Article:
With the nation gripped by fear and jingoism, an enforced unity took hold. Bush declared a "war on terror" and oversaw a fundamental transformation of the U.S. constitutional system, asserting the "plenary" - or unlimited - powers of Commander in Chief at a time of war, making him what his advisers called the "unitary executive."
But the "war on terror" was unique in American history because it knew no limits either in time or space. It was an endless conflict on a global battlefield, including the American homeland.
So, under Bush's post-9/11 presidential theories, he could ignore laws passed by Congress. He simply attached a "signing statement" declaring that he would not be bound by any restrictions on his authority. As for laws enacted before his presidency, those, too, could be cast aside if they infringed on his view of his own power.
Bush also could override constitutional provisions that protected the rights of citizens. He could deny the ancient right of habeas corpus which requires some due process for a person to be locked away by the government. All Bush had to do was designate someone an "enemy combatant."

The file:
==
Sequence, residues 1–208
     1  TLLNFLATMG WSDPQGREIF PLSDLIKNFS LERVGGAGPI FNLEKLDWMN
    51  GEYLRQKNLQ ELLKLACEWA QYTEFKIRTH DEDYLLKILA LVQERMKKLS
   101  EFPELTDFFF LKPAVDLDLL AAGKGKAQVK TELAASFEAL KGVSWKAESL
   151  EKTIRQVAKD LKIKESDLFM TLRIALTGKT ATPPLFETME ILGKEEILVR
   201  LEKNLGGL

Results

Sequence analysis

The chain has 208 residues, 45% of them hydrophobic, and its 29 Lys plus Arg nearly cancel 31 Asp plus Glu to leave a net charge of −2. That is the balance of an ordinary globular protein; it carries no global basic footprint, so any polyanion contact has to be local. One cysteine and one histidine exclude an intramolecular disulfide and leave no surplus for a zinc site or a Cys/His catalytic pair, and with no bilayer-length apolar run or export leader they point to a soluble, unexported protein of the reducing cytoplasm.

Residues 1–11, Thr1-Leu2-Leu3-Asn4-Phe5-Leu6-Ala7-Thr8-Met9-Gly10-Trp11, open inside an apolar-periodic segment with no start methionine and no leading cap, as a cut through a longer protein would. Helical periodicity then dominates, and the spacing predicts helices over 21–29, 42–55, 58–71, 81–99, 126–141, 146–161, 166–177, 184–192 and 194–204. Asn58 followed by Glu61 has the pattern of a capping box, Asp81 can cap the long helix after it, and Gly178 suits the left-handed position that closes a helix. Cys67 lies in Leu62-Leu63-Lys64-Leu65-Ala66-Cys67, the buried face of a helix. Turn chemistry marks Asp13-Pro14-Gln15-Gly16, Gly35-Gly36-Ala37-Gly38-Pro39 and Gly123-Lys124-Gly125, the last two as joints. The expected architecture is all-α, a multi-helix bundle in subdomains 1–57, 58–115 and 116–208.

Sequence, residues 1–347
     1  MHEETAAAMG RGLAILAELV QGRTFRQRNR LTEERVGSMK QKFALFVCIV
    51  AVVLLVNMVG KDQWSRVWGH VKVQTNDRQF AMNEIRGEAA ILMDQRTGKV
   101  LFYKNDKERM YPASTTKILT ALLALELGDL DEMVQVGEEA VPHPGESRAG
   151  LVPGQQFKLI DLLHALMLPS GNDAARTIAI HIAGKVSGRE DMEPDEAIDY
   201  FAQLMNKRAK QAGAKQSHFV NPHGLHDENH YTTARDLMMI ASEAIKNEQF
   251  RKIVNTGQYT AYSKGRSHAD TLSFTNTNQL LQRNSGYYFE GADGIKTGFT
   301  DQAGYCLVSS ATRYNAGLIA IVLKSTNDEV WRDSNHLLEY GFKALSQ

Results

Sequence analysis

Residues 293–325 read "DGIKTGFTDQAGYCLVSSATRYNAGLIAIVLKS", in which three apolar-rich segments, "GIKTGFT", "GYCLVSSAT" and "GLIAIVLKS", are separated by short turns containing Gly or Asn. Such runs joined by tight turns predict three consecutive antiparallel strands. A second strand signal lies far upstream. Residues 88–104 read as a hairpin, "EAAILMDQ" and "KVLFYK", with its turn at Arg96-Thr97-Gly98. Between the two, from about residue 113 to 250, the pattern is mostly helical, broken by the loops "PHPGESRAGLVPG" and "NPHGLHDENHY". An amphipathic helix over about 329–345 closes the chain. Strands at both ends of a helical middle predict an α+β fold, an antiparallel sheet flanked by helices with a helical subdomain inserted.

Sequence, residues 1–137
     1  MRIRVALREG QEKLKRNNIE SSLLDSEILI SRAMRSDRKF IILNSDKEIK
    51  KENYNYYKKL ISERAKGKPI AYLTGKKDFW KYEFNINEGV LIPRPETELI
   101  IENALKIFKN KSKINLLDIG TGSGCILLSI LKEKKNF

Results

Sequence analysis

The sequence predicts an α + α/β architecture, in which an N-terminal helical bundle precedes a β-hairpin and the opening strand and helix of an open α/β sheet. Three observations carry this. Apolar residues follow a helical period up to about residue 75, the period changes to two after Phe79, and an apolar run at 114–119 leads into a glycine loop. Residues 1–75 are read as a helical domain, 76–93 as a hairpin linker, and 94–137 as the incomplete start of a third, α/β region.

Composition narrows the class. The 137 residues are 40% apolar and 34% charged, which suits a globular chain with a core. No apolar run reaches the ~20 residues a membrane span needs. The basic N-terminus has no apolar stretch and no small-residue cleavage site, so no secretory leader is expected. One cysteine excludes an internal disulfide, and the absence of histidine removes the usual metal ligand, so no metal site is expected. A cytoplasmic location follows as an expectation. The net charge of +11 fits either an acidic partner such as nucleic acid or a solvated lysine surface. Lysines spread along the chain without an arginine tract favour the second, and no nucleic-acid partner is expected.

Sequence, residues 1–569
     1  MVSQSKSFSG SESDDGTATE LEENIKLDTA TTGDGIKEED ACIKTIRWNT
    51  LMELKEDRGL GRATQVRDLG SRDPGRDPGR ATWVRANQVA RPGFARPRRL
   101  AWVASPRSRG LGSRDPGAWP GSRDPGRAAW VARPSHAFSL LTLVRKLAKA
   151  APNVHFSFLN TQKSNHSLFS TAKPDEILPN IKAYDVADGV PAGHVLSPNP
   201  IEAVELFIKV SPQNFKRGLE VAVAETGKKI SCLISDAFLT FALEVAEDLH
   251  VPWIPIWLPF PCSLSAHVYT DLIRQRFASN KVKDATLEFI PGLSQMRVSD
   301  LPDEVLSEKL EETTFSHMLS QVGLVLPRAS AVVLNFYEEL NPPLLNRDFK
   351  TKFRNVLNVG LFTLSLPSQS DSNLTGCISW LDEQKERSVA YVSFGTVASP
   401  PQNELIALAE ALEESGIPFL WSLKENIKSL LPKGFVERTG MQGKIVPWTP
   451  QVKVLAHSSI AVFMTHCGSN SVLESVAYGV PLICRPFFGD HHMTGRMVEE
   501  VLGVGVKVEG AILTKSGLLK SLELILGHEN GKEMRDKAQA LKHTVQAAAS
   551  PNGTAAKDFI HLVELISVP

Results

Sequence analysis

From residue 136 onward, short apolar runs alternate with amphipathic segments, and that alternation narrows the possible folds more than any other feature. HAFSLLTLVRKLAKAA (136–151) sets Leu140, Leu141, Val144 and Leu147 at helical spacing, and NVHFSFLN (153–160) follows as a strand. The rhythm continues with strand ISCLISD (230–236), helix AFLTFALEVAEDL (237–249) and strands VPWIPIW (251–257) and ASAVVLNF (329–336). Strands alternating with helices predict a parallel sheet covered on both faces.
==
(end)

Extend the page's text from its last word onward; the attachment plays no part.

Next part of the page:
He also could order warrantless searches and wiretaps, waiving the Fourth Amendment's requirement for court-approved search warrants based on "probable cause."
Bush even could authorize U.S. interrogators to abuse and torture captives if he thought that would make them talk. He could order assassinations of anyone he deemed a "terrorist" or somehow linked to "terrorism." He could take the nation to war with or without congressional consent.
Former Vice President Gore asked in a 2006 speech: "Can it be true that any President really has such powers under our Constitution? If the answer is ‘yes,' then under the theory by which these acts are committed, are there any acts that can on their face be prohibited?"